Any Alternative To Single User Mode

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Hi, I am working on CentOS6.6 on a VirtualBox on Windows Host. Today I started to have booting issues in the OS. It won’t get past the loading screen. I
checked and found that the files related to the user “cloudera” on the system were not accessible. Only the files related to root were accessible. This is why I was am not able to do a single user login but an emergency login was possible. This is just a guess. This all happened due to some update in the Virtual Machine that I use to run CentOS.

Is there any workaround for this issue?

Thanks and regards, Animesh Pandey

13 thoughts on - Any Alternative To Single User Mode

  • I wish you could provide more info.

    How can you determine that inaccessibility to a user’s files will prevent CentOS from taking you all the way to the login (or welcome) screen?

    I think something else is going on and my guess is that the CentOS files themselves have been corruped. Can you re-install CentOS ?

  • I actually opened the Virtual Disk Image (.vdi) on I could see that despite my disk being of 100GB only ~65GB was being shown. All the stuff related ot the local user was not visible at all. After I restarted my VM, the OS gets stuck here ( Even after trying the single user login it was stuck there. But the emergency mode worked alright.

  • Please do not top-post.

    I am having trouble following your terminology. Emergency model?
    On my CentOS installation, there is no “Emergency ….”
    to select from the list of kernels to boot.

    Also, when you say “worked alright” do you mean that you were able to access what you thought was missing?
    Can you go to full multiuser?

  • Sorry for top posting.

    Let me give you a clearer idea.

    1. My regular boot freezes after loading is completed.
    2. I read on the internet that sometimes due to an update in VirtualBox, this error might occur. To rectify it, I must re-install VirtualBox’s Guest Additions. For this, I require booting in a Single User Mode.
    3. For that, I followed the correct steps as given here ( But still the system froze on that same point.
    4. Then I read about an Emergency mode which is even lower level to that of Single User mode. I was able to log in and see the files that I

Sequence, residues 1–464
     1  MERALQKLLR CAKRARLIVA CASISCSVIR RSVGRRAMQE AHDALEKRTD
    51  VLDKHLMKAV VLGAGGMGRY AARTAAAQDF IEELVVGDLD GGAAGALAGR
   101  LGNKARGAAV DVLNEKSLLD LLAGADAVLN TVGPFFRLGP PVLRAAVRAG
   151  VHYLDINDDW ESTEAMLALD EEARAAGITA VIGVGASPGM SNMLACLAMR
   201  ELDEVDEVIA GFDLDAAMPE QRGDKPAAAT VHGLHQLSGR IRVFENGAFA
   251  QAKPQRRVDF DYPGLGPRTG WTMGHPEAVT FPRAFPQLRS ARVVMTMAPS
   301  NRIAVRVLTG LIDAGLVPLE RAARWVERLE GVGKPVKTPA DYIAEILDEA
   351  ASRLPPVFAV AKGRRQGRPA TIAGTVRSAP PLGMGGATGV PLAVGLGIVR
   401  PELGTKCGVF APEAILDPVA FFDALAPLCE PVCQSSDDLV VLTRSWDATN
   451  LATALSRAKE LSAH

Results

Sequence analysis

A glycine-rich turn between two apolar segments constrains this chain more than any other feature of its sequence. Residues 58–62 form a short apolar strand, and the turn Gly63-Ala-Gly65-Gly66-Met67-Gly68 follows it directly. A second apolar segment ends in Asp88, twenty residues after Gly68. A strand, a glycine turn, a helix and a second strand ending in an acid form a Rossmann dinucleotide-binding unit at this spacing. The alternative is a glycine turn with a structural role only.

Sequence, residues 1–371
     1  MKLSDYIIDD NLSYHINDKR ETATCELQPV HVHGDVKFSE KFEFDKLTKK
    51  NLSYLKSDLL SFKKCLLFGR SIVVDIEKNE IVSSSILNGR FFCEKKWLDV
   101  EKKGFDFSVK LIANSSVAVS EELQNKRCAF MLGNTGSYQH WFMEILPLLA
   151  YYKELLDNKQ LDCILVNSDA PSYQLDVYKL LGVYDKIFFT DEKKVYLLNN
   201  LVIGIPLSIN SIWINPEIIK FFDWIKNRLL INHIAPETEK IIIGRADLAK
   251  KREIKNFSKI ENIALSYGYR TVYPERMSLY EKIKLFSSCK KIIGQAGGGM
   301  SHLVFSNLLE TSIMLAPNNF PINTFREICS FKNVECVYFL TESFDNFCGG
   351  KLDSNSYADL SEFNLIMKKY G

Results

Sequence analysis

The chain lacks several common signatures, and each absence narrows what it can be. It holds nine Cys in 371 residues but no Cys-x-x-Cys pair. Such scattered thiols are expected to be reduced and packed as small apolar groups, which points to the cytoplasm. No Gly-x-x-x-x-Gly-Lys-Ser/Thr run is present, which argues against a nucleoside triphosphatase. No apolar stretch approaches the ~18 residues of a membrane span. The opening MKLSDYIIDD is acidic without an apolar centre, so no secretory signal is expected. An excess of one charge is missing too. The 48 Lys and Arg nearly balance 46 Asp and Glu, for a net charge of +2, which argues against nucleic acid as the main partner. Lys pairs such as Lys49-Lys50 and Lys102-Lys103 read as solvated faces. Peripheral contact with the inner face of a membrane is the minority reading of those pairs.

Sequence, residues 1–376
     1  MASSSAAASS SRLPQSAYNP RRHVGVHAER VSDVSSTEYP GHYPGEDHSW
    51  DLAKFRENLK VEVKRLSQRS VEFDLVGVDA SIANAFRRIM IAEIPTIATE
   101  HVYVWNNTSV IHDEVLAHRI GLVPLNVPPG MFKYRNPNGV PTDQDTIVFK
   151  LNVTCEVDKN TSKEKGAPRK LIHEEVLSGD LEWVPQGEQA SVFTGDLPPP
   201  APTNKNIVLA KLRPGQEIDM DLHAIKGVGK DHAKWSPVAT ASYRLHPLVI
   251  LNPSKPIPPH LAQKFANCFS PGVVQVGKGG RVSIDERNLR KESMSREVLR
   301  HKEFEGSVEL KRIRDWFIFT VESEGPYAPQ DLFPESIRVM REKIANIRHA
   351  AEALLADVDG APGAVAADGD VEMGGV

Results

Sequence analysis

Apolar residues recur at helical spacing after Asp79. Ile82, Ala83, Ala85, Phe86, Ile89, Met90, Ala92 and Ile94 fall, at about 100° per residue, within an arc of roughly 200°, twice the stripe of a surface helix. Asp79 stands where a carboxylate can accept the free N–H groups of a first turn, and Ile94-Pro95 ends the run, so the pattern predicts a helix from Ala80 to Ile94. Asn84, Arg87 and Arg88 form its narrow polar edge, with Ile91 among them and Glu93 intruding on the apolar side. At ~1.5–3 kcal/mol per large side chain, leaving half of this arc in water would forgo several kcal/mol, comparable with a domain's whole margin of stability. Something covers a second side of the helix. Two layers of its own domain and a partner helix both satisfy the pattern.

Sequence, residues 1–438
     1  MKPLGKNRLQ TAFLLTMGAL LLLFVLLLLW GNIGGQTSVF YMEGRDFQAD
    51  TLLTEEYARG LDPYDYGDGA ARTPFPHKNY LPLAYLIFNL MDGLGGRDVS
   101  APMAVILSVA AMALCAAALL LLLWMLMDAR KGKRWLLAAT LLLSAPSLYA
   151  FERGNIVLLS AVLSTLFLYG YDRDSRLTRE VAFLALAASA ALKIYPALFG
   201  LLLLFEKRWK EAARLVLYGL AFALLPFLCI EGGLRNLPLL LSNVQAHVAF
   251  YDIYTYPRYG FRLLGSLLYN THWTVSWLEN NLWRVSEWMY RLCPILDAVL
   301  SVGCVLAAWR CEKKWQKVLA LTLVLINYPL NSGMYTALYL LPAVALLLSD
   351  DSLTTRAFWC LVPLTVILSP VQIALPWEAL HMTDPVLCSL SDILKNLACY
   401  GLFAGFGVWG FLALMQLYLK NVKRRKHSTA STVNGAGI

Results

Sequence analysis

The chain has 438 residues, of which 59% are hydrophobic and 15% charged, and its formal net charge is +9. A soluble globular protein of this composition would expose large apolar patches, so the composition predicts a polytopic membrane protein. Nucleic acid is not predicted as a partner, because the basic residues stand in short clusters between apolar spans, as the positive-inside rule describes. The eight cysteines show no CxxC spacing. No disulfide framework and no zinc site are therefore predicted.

created/modified as root. I could not see any file/folder that related the local user “cloudera” on which I used to work. This is where I thought of seeing the contents of the Image using and found that a large part of the dick is not visible. This part contains that files related to
    “cloudera”. I felt as if any information related to “cloudera” user has been lost.

    I basically need to access files that I made as “cloudera” on CentOS and if possible re-install the Guest Additions that ma solve this issue. But for this I need to be able to boot as a Single User.

  • Did you try switching to another VT and logging in via the text login prompt? How about hitting escape during boot to see what it was doing when it hung? I also suggest removing ‘rhgb quiet’ from the kernel command line in the bootloader, so you can see more during boot.

  • I assume you are using a virtual drive, which is a file on the host machine (You said windows??? ). If you can somehow use a tool to dump that disk image to a real hard drive (for example using dd ), and connect the hard drive a a working linux computer to run fsck on it to see what it will find. I assume you have no backup of your drive???

  • Yes it is windows. By dumping a disk image do you mean a VDI (VirtualBox Disk Image). These are files that are used by VirtualBox for booting. I
    have a copy of that as well. Can Gparted be used for connecting that VDI?

  • You will more than likely need a conversion tool to convert a vdi image to a normal HD image. I do not know of such a tool.

    Another possibility is to create another VM, install your linux on it with it’s own separate disk, but add you bad vdi disk as a second drive. Once booted, use linux to fsck the second drive. Again, be sure you have a copy it before you connect it to this new VM.

  • I did exactly as you said. I used Gparted to create a secondary drive. I
    can do “/dev/” to see the four partitions that my original VM had. How do I
    go about it now?

  • So, the drive (you want to fix) is visible in the new vm. Good. be sure it is unmounted. As root, run fsck /dev/sd?
    You supply the value of ?
    Is it b or c …?

    fsck could end up deleting files or even truncating them to shorter lengths if blocks that belong to those files are no longer referenced in the file’s inode.

    Good luck

  • Well, I think you misunderstood what I asked you to try.
    /dev/sda should be your VM’s ‘new’ drive you would have created for the new VM. And I asked you to attach a copy of the bad drive as a second disk which Linux would see as /dev/sdbb In otherwords, you boot from the new drive on which you installed a fresh installation of CentOS. Once booted, then you fsck the partitions or volumes of /dev/sdb

    That will reveal to you what problems you are having with the bad drive when you fsck those partitions or vol groups.

  • Animesh Pandey wrote:

    Just a wild guess…

    Could it be possible that your /home, which contains all the files of the “cloudera” user, is located on a separate file system that does not automatically get mounted in emergency mode? That would at least explain why those files appear to be missing.